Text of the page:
Hereditary spherocytosis is a predominantly autosomal dominant disease due to a defect in proteins (spectrin or ankyrin) that comprise the RBC membrane. This forms less flexible, spheroid RBCs that are more susceptible to splenic destruction, and results in a hemolytic anemia that is characterized by bilirubin gallstones, jaundice, and splenomegaly.
Hereditary spherocytosis (HS) affects Northern Europeans at the highest rate, with reports indicating occurrences in these populations at 1 in 5000.
Up to 3/4 of cases are autosomal dominant, while the remaining cases occur in an autosomal recessive pattern.
Two deficient RBC membrane proteins, called spectrin and ankyrin, are primarily responsible for causing hereditary spherocytosis (HS). Ordinarily, ankyrin acts as the binding site for spectrin on RBC membranes. Spectrin then operates as a structural protein that maintains the biconcave shape, flexibility and membrane stability of healthy RBCs. However, in the most common pathogenesis of HS, a mutated ankyrin gene results in insufficient ankyrin on RBC membranes, depriving spectrin of a binding site which results in the membrane instability and structural defect of spherical RBCs, or spherocytes. This disease can also occur from defects in protein 4.2, which is a RBC cytoskeletal protein, or in band 3, which physically links the plasma membrane to the underlying membrane skeleton.
Reduced RBC membrane stability results in the formation of spherocytes, or spherical RBCs. This shape shifting transformation from biconcave to spherical places these defective RBCs at risk for destruction as they attempt to traverse the turbulent, confined spaces of microcirculation, particularly in the spleen, where shearing forces can result in fragmented RBCs called schistocytes, among other hemolytic by-products. These cells lack the central pallor of normal RBCs. They are also seen in autoimmune hemolytic anemia.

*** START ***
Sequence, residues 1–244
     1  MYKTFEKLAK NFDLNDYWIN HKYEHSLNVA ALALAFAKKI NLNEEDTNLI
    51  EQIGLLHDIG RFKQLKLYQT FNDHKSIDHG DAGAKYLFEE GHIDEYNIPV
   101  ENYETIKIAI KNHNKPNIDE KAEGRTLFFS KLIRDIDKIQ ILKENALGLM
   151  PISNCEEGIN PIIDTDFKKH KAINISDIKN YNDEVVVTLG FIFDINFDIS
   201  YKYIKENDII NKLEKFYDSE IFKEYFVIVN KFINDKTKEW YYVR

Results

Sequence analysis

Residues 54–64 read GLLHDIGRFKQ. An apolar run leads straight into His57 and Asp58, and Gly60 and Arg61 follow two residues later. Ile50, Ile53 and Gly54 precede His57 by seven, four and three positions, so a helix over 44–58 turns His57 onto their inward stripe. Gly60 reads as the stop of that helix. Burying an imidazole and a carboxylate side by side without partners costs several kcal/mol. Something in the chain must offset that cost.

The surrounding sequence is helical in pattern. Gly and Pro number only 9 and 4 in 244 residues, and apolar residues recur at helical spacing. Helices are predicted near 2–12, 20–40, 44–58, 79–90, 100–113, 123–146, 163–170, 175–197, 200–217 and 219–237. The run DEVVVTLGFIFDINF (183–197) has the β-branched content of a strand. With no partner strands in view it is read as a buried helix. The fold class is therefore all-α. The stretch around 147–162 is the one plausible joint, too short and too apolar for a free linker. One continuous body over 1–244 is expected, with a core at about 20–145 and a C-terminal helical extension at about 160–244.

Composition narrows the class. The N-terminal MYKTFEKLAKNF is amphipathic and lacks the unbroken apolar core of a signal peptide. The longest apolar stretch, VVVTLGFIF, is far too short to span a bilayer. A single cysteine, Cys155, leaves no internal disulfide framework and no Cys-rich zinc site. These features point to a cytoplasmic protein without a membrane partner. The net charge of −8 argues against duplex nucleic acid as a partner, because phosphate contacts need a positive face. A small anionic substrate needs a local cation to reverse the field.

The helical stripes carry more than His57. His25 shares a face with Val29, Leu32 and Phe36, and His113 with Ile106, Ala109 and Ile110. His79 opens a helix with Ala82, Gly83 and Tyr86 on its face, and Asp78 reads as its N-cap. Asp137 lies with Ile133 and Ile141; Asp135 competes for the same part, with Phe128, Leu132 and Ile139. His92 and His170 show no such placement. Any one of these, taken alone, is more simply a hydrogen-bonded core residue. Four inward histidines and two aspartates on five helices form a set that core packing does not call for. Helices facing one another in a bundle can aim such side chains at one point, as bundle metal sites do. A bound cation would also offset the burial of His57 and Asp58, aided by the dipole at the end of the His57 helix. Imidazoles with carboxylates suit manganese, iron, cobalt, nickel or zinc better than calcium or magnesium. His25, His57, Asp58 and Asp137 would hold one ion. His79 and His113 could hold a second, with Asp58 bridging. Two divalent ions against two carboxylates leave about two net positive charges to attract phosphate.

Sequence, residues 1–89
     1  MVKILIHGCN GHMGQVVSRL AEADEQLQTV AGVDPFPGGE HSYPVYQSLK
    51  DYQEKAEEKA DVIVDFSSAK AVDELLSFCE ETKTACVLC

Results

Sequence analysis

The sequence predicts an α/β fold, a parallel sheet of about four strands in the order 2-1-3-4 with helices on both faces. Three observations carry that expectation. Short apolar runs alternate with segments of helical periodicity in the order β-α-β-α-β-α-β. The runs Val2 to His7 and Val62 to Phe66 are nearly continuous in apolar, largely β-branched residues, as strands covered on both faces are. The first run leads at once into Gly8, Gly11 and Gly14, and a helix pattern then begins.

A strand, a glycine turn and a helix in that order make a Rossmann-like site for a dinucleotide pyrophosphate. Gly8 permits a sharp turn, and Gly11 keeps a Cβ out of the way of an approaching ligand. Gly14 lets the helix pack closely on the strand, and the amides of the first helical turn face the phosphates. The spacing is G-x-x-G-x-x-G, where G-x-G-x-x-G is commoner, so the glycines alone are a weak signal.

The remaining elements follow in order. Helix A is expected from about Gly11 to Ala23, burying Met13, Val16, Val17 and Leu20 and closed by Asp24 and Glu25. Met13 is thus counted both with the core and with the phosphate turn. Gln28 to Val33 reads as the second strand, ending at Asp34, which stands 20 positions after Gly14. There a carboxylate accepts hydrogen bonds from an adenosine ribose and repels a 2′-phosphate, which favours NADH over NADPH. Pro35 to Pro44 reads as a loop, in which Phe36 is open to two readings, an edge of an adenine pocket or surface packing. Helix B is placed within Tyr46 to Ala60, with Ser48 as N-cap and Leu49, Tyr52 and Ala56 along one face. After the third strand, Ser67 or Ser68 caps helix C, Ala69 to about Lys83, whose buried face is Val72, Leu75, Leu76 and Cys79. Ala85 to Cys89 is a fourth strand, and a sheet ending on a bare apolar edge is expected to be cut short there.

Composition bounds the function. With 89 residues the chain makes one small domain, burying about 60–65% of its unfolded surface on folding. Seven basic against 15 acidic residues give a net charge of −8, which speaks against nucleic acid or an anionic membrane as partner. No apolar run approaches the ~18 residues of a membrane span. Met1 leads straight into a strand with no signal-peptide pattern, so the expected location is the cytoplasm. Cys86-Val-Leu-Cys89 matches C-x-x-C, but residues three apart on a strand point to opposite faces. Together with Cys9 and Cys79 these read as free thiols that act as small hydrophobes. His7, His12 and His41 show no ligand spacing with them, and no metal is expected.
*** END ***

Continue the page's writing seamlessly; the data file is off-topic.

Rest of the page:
Spherocytes have difficulty passing through microcirculation due to their reduced flexibility. They have the greatest trouble passing through the spleen where they become obstructed, fragmented (schistocytes) and otherwise destroyed by phagocytosis via macrophages, resulting in a hemolytic anemia. Spherocytes last only 10-20 days vs. the 120 day life cycle of normal RBCs.
In this disorder, RBC destruction results in excess bilirubin and subsequently places patients at risk for bilirubin gallstone formation. As such, cholelithiasis is a common manifestation of hereditary spherocytosis in affected adults.
Jaundice, or yellowing of the skin secondary to excess bilirubin, results from the catabolism of heme to bilirubin that occurs from hemolytic anemia.
Hypersplenism, which describes a hyperactive spleen, occurs because of the increased functional burden of phagocytosing spherocytes that occurs in the spleen, resulting in splenic enlargement. This is seen in hereditary spherocytosis, along with all other extravascular hemolytic anemias.
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